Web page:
But a growing market with stable premiums is better than a shrinking market with skyrocketing premiums.  From the beginning, it's been obvious that ACA marketplace subsidies are too low to  render adequate coverage truly affordable to all who affordable lack access to other insurance. Should Democrats win control of the federal government, and balk at further radical healthcare reform, a recovering market will be easier to bolster and improve than a collapsing one would be.
-----
Silver loading is the byproduct of Trump's October 2017 cutoff of direct federal reimbursement to insurers for the Cost Sharing Reduction (CSR) subsidies they are required to provide to low income marketplace enrollees who select silver plans. Faced with the cutoff at the brink of open enrollment for 2018, most state insurance departments allowed or encouraged insurers to price CSR into silver premiums only. Since premium subsidies, designed so that the enrollee pays a fixed percentage of income, are set to a silver plan benchmark, inflated silver premiums create discounts for subsidized buyers in bronze and gold plans.

** In 2019, 52% of on-exchange enrollees have CSR, but about 16% of them have the weakest level of CSR, which raises the actuarial value of a silver plan just three percentage points, to 73%. Deductibles at that weak CSR level average over $3,000. For those with the strongest level of CSR (enrollees with incomes up to 150% FPL, deductibles average $239 this year. At the next level (income 151-200% FPL), deductibles average $843.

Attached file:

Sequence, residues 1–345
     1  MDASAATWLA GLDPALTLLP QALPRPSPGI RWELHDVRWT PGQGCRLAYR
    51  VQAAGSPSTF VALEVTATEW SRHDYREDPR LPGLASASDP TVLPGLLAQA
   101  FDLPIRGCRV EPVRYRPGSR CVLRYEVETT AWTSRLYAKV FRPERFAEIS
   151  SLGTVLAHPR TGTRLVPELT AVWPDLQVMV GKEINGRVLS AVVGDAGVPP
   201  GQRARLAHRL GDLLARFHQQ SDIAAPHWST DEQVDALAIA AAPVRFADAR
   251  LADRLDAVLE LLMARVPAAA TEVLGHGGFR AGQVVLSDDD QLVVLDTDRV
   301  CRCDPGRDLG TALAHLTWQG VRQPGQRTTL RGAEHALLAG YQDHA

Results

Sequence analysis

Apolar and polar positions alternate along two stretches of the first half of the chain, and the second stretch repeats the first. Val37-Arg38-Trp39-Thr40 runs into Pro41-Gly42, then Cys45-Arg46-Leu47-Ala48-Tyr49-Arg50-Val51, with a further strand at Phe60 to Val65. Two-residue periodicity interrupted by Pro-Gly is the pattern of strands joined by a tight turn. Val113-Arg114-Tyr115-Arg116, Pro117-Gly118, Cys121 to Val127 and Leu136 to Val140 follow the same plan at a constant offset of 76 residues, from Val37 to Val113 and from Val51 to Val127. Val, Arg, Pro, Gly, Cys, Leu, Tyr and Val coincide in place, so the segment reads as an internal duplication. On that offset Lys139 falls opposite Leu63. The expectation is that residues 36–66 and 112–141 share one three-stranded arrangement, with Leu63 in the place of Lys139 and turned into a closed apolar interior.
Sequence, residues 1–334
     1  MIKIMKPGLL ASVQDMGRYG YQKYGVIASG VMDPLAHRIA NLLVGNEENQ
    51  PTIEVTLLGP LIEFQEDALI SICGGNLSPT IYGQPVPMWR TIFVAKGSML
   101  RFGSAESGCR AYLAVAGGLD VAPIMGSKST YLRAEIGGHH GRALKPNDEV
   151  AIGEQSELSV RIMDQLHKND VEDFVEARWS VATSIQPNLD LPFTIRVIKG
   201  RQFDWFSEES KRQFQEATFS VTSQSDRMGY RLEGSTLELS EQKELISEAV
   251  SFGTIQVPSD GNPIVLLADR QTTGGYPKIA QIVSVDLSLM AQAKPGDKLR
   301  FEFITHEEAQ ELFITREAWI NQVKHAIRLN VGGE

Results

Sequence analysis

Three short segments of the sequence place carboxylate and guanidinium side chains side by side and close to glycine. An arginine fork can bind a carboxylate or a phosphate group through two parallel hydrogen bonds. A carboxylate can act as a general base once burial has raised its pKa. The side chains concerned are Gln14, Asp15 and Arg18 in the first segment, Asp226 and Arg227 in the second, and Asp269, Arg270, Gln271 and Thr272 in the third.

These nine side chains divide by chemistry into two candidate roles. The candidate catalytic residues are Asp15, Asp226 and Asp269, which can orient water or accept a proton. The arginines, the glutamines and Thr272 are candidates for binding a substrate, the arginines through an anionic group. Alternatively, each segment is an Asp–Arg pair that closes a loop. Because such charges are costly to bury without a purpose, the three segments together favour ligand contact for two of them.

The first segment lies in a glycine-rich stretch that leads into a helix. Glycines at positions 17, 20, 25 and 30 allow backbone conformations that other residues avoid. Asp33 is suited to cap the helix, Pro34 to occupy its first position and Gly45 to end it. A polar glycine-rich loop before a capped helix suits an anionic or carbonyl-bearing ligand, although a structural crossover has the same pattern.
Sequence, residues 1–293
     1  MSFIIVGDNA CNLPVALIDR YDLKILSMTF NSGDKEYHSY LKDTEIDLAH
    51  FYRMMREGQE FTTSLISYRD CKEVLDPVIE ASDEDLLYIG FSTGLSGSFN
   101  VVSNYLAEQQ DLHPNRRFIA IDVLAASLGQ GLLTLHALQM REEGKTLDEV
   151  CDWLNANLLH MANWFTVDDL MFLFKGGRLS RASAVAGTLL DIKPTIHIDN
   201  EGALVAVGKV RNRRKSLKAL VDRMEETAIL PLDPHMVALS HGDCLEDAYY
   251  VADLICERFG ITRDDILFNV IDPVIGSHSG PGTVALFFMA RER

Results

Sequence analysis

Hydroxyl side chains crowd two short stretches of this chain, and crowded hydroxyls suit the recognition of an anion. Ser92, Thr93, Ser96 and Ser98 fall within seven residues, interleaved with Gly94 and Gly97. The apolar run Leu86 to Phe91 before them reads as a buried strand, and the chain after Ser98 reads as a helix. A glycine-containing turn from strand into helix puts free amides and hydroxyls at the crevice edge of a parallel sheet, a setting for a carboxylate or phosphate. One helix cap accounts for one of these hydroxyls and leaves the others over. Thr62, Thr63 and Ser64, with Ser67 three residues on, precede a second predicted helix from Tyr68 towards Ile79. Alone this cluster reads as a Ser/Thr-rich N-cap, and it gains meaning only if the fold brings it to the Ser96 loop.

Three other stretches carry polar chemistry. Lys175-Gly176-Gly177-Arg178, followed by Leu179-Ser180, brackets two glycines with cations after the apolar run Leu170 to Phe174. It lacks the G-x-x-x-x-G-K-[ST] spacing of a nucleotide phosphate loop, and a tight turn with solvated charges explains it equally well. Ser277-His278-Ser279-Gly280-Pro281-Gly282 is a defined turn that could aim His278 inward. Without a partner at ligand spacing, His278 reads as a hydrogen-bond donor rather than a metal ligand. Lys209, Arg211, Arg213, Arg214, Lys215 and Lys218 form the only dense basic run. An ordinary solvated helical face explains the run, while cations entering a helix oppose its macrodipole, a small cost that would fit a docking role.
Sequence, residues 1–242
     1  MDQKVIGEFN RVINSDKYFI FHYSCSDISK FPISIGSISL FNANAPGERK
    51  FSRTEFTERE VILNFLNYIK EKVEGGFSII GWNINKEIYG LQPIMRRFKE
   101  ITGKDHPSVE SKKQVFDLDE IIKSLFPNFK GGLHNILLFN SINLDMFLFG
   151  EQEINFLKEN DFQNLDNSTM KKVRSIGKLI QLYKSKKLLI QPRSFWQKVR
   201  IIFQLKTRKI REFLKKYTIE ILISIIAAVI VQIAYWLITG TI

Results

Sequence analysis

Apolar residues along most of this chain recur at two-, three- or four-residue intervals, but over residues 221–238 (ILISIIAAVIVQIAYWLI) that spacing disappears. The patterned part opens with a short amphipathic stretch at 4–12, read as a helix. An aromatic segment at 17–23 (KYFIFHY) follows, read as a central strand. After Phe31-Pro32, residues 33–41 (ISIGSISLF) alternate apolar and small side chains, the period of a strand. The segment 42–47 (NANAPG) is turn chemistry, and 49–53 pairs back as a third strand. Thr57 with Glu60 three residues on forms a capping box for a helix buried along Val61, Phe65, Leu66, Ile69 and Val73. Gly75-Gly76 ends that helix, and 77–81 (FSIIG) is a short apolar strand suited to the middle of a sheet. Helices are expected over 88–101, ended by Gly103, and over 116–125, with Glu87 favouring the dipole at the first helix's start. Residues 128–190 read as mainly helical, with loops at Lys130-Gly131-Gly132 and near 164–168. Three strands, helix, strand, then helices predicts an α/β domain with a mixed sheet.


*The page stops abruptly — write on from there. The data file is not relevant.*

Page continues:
*** In 2019, as of the end of Open Enrollment, new enrollment was down 15.7%, while re-enrollment (which is 3/4 of total enrollment) was up 2.3% [added 8/21].

1 comment:

  1. The people who are near or above the subsidy limits are, in effect, being asked to pay a hidden tax to cover others. No wonder they resist this!

    There is nothing wrong, god knows, with covering pre-existing conditions.

    But this should have done through general revenue. Instead, the costs of doing this have been loaded onto others in the individual market.

    A high risk pool funded by explicit taxes on wealthier Americans would have been preferable.

    Would this ever have passed? Maybe not, but no one tried.

    ReplyDelete